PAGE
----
• 30,000 new school places for children with special needs and disabilities

    • Business rates will remain at the same rate, with Mr Sunak saying that it would be wrong to find £25bn in extra borrowing through cuts to public services or tax rises elsewhere

    But there will be some changes:

    • New 50% business rates discount for businesses in the retail, hospitality and leisure sectors, including pubs, music venues, cinemas, restaurants, hotels, theatres, and gyms

    • This will mean any eligible business can claim a discount up to a maximum of £110,000 - a tax cut worth almost £1.7bn

    • Mr Sunak says that, together with small business rates relief, this means more than 90% of all businesses in these sectors will see a discount of at least 50%

    • Those who pay business rates will benefit from more frequent re-evaluations every three years from 2023

    • New investment relief to encourage businesses to adopt green technology such as solar panels

    • Business rates improvement relief - from 2023 every business will be able to make property improvements and, for 12 months, pay no extra business rates. This and the investment relief above total £750m

    • To help businesses pay their tax bills, next year's planned increase in the multiplier will be cancelled - a cut of £4.6bn over the next five years

    • An overhaul of alcohol duty, cutting the number of main duty rates from 15 to six - the stronger the drink, the higher the rate

    • Small producer relief will extend the principle of small brewers' relief to small cidermakers and others making alcoholic drinks of less than 8.5% ABV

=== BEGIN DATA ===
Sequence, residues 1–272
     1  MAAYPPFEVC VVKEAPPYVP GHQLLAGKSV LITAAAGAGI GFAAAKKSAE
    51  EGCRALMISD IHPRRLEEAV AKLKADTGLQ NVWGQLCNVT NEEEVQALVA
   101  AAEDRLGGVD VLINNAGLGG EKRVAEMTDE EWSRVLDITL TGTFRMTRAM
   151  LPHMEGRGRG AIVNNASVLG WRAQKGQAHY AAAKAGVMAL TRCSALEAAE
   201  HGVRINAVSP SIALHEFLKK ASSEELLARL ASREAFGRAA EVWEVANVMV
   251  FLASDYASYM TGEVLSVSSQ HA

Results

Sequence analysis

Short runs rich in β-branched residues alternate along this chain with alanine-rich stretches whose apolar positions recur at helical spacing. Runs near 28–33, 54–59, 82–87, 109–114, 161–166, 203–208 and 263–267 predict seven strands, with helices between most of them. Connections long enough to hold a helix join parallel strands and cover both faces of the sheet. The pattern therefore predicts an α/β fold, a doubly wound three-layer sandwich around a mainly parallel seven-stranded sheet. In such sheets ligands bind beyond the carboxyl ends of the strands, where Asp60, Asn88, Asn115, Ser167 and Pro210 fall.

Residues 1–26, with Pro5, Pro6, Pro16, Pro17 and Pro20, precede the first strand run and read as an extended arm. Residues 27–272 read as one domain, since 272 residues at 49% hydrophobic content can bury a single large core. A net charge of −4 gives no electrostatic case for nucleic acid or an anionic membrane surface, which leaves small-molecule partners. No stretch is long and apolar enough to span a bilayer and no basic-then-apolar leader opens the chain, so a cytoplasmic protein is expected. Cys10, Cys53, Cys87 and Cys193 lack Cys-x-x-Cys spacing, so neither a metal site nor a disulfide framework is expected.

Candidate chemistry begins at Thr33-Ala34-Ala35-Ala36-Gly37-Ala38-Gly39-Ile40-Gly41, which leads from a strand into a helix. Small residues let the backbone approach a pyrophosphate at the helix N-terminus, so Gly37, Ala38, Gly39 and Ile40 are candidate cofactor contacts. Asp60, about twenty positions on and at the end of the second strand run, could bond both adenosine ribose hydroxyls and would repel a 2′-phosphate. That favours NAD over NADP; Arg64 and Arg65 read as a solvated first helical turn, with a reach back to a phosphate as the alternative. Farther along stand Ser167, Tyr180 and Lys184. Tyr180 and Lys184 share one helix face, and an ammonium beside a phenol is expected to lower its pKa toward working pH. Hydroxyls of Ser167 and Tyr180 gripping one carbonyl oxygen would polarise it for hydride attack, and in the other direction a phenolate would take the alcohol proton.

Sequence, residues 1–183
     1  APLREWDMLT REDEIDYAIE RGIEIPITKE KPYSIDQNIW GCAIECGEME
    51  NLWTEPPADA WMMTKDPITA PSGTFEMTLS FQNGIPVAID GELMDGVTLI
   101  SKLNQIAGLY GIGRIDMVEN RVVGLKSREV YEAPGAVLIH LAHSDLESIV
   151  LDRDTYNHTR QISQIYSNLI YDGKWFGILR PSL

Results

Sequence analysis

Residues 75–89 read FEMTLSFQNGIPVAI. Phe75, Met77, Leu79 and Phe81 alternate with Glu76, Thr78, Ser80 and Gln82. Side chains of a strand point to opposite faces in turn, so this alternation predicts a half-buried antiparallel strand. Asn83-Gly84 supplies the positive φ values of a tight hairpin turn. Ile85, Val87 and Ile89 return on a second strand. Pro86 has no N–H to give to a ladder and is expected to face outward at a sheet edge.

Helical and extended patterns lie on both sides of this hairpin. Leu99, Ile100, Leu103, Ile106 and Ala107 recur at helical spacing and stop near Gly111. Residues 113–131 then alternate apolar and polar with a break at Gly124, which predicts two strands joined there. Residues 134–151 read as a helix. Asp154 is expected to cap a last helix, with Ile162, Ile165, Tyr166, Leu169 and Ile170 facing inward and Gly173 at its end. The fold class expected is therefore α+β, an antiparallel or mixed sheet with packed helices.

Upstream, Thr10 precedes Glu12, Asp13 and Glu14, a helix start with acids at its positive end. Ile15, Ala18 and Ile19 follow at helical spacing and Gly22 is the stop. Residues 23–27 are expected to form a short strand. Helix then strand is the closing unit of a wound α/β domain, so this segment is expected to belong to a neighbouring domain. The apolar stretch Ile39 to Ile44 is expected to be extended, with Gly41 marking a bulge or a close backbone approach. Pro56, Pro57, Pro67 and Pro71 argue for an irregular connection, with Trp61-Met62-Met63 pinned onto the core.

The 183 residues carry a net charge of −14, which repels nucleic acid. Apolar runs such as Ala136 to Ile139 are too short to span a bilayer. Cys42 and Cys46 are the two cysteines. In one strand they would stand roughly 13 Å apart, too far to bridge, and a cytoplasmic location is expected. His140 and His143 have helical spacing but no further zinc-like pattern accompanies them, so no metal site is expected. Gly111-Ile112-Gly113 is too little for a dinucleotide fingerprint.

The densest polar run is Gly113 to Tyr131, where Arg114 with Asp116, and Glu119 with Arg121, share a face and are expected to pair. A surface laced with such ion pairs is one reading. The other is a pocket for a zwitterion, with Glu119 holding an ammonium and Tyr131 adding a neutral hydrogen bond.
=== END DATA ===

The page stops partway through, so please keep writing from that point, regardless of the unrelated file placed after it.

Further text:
• Sparkling wines will pay the same duty as still wines of equivalent strength, rather than the 28% they currently pay. Duty will also be cut for fruit cider

    • Planned rise in fuel duty will be cancelled, meaning that - after 12 consecutive years of frozen rates, the average car driver will save a total of £1,900

    • National living wage to increase next year by 6.6% to £9.50 an hour. For a full time worker, that's a pay rise worth over £1,000

    • This move will help more than two million of the lowest-paid workers, Mr Sunak says

    • £1m annual investment allowance will not end in December as planned. It will be extended to March 2023

    • Bank surcharge within corporation tax will be retained at 3% and overall corporate tax rate on banks will increase from 27% to 28% in 2023

    • Help for challenger banks - raising the annual allowance to £100m

    • Tonnage tax (shipping) reform will see companies rewarded for adopting the UK's merchant shipping flag, the red Ensign

    • Reform of tax relief for research and development investment

    • Mr Sunak has adjusted the universal credit taper, which reduces financial support as people work more hours

    • The rate is currently 63%, so for every extra £1 someone earns, their universal credit is reduced by 63p. Mr Sunak announced plans to cut this by 8 percentage points (from 63% to 55%). This will come into effect "within weeks"

    • Work allowances being increased by £500 - combined with the change to the taper, this is a tax cut worth more than £2bn, he says. Nearly two million families will keep, on average, an extra £1,000 a year

    • Flights between airports in England, Scotland, Wales, and Northern Ireland will be subject to a lower rate of air passenger duty from April 2023

    • Nine million people will see air passenger duty costs cut in half and the move will boost regional airports

    • Financial support for English airport extended for a further six months

    • An ultra long haul band will be added to air passenger duty, covering flights of over 5,500 miles, with an economy rate of £91. Mr Sunak says less than 5% of passengers will pay more but those who fly furthest will pay the most

    • £850m to protect museums, galleries, libraries, and "local culture"

    • More than 100 regional museums and libraries will be renovated, restored and revived

    • Tax relief for museums and galleries - due to end in March - will be extended for two years until March 2024